Although two ends of the transaction are ‘different’, the single event which they represent is one and the same…  Hence, the solution in the war of opposites requires surrendering of all boundaries, and not the progressive juggling of opposites against each other. The war of opposites is symptom with a boundary that is taken to be real… hence, to cure the symptoms you must go to root of the matter, i.e.; The illusory boundary…

In the article Harnessing Energy of Opposites by guestcontributor writes: To succeed in an increasingly interconnected world, creative leaders must avoid choosing between unacceptable alternatives… Instead, they must use power inherent in the ‘duality of opposites’ to invent different assumptions and create new models geared to an ever-changing world… According to Dr. Barry Johnson; polarity is a situation in which both conflicting points of view are true… 

The ability to shift from exclusive reliance on ‘either/or’ thinking to leveraging ‘both/and’ thinking is a critical competency for success in an increasingly complex and connected world. Great breakthroughs can occur when forward-thinking leaders learn to harness the power of opposites to the advantage of organization…

In the article Resilience and Coexistence of Opposites by Dr. David Goodman writes: Resilience is most powerful when opposites are harmonized in a system. Whenever you have a personal quality; say being ‘stable’ without its opposite, then there is lack of resilience… ‘Stability’ without ‘adaptability’ creates a situation of stubbornness and inflexibility, thus resistance to change…

On the other hand ‘adaptability’ without ‘stability’ yields frazzled, frenzied change without apparent direction… Hence, organizations can display this unintegrated weakness, or they can be resilient and successful… Resilience means robustness, and it implies both stability and openness to innovate…

Organizations that live by the ‘loose-tight’ principle are on the one hand rigidly controlled, yet at the same time they allow (indeed, insist on); autonomy, entrepreneurship and innovation from the rank and file… According to Peters, Waterman; traditions and behaviors that represent– stability, innovation, adaptability… have the essential for resilience…

Prevailing wisdom is that success comes by driving performance but it’s a ‘coexistence of opposites’ that really matters– every negative event carries elements of something positive… For example; every brave person still feels fear– bravery requires recognition that other things are more important than the fear… Or as the old saying goes; the brave may not live forever, but the cautious do not live at all... Focusing on performance accounts for half of success. The other half comes from focusing on what is called– ‘organizational health’; the ability of an organization to align, renew, execute faster than competitors…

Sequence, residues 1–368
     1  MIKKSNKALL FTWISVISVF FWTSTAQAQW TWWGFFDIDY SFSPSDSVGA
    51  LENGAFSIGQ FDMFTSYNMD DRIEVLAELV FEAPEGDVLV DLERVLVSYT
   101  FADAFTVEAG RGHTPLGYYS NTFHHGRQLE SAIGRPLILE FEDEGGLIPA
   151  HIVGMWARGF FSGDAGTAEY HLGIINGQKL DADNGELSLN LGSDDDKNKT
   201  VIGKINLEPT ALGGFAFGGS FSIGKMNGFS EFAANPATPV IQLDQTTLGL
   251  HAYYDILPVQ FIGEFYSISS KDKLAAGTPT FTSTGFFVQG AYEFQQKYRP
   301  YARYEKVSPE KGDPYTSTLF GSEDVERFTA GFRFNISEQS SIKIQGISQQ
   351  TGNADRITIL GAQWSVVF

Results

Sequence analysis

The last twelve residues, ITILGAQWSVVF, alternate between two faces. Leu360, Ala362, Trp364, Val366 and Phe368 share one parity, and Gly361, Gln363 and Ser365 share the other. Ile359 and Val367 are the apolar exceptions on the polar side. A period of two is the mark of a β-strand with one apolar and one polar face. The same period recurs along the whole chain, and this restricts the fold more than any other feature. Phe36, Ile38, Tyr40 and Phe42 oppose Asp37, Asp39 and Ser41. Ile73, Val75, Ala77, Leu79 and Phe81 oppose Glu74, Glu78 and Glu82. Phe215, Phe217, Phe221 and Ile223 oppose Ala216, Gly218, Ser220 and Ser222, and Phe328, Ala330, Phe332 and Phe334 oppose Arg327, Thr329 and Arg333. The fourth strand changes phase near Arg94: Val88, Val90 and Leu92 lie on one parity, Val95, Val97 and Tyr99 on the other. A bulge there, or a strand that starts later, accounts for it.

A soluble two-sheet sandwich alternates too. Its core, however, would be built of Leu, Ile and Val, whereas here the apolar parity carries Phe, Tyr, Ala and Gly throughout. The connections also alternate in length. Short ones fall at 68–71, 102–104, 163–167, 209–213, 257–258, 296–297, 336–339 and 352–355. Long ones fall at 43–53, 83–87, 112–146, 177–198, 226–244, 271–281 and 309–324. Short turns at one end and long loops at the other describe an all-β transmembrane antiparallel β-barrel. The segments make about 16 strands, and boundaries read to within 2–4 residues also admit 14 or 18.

Hence a paradox: The more companies focus on performance, the less they are able to win the performance game, and similarly when only focus organizational health, they will fail as well: The key is balance… According to Colin Price; instead of being single-minded leaders must blend the two opposites… they must grapple with the duality of driving performance and boosting organizational health… But that devolves into dealing with sets of opposites, e.g.; ‘change and stability’, ‘control and empowerment’, ‘consistency and variability’… Seeking one without the other results in failure: Success requires a yin-yang mindset…

Challenge for Business– Minimalism Vs. Maximalism: The Great Struggle– Less is More Vs. More is More…

One of greatest joys in life is the feeling of carrying everything you need to survive in your backpack; that is minimalism at its finest… It’s being a step (or more ) removed from the norm of society… In the business world minimalism is a reaction to overkill and pretentiousness of conventional management; it’s moderation and (less) intrusion… The beauty, elegance are the austerity… According to one of the great minimalist minds, Henry David Thoreau; [management] is best which [manages] least… Minimalism is making decisions– more consciously, more deliberately…